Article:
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Hoffmann, R. A wiki for the life sciences where authorship matters. Nature Genetics (2008)
 
 
 

Transformation of Pythium aphanidermatum to geneticin resistance.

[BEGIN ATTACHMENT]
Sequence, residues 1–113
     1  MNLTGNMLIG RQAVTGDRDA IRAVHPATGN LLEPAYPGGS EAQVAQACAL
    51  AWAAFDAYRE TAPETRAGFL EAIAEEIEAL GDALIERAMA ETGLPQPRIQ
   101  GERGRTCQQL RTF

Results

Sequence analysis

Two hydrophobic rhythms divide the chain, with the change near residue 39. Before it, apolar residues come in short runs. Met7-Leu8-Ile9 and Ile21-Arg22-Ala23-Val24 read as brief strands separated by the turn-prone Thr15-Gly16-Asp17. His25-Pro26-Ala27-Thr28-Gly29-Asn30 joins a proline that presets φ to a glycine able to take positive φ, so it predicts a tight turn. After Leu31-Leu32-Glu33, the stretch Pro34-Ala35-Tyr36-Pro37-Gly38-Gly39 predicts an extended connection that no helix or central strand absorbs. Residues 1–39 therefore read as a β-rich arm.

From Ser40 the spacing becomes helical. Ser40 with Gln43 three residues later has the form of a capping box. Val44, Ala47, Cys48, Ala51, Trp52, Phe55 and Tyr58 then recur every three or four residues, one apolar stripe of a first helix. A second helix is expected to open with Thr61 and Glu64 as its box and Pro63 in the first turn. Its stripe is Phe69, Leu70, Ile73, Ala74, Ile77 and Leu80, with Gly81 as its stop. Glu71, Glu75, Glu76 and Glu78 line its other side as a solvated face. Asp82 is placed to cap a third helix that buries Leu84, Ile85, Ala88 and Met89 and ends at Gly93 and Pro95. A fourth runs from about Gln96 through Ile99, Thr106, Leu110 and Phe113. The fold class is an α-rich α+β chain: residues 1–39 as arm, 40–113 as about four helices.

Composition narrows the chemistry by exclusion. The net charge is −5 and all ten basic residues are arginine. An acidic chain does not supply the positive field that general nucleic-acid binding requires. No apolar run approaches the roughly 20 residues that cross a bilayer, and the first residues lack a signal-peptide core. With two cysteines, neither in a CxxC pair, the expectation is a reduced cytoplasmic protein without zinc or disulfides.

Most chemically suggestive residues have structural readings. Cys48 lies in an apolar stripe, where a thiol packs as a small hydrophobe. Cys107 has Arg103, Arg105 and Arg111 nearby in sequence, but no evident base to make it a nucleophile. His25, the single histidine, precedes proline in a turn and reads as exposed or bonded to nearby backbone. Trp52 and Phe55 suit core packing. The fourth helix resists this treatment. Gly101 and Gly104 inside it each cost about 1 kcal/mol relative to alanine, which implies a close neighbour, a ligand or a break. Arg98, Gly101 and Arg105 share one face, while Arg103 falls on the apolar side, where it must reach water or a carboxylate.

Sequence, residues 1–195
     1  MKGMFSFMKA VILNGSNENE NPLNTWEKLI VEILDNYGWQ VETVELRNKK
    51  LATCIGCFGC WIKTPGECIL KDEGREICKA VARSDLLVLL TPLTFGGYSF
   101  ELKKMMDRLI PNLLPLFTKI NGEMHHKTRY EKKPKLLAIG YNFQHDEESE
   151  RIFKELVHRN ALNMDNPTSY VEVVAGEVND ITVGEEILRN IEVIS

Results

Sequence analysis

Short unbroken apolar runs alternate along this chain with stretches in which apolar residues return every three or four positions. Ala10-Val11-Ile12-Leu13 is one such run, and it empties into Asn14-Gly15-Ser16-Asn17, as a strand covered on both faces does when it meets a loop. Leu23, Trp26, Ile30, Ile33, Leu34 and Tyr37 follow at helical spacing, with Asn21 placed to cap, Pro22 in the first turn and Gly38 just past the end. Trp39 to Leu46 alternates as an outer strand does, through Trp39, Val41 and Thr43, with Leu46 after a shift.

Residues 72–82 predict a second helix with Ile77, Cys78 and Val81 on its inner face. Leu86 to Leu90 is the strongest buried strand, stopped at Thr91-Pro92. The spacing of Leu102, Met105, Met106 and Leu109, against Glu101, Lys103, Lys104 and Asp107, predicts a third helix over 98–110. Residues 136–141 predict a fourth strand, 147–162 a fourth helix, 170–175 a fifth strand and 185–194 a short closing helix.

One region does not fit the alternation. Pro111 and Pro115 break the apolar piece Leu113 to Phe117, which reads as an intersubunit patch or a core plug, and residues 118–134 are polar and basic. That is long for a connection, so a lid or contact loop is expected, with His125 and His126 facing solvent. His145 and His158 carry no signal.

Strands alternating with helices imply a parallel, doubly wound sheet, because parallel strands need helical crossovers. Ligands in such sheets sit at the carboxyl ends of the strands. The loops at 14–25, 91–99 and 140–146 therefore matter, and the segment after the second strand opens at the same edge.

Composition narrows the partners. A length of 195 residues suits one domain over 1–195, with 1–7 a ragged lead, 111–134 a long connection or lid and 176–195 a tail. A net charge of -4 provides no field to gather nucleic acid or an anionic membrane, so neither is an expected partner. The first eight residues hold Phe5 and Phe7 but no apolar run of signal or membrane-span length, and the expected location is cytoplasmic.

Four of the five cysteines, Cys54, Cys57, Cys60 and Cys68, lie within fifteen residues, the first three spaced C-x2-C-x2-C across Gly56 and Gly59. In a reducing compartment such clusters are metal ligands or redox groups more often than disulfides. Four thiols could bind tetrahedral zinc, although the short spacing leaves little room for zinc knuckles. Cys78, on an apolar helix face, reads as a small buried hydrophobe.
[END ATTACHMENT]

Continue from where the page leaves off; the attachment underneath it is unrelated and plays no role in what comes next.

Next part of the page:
Conditions for the production of protoplasts and gene transfer in Pythium aphanidermatum were investigated. Efficient protoplast generation was possible after culture of mycelium in potato dextrose broth followed by digestion with 0.5% (w/v) each of cellulase and beta- d-glucanase. Plasmid pHAMT35N/SK encoding the nptII gene under control of the Ham34 promoter from the oomycete Bremia lactucae was used to define electroporation parameters for gene transfer. A square-wave electroporation pulse of 2500 V/cm at 50 microF capacitance reproducibly produced transformants, albeit at low efficiency (0.1-0.4 transformants from approximately 10(5) regenerable protoplasts per microgram of DNA). Thirty-two independent transformants exhibited wild-type growth on potato dextrose agar amended with geneticin at 50 microg/ml, a concentration that near completely inhibited the growth of untransformed P. aphanidermatum. Southern blot analysis indicated that transforming DNA was integrated into the oomycete genome and that the DNA was stably inherited through sporogenesis. Growth on geneticin-free media, the ability to form zoospores or oospores, and the ability to cause disease in sugarbeet seedlings in the laboratory were indistinguishable between a subset of the transformed isolates and the progenitor isolate 898B. Co-electroporation of pHAMT35N/SK with plasmid pACT-GUS encoding the Escherichia coli gusA gene controlled by oomycete transcriptional promoter and terminator sequences or with pEGFP encoding enhanced green fluorescent protein under the control of the immediate early promoter from the mammalian cytomegalovirus produced, respectively, stable beta-glucuronidase and transient expression of blue-green fluorescence. Application of the technique to studies on the biochemical basis for pathogenesis in this agriculturally important group of fungi is discussed.[1]

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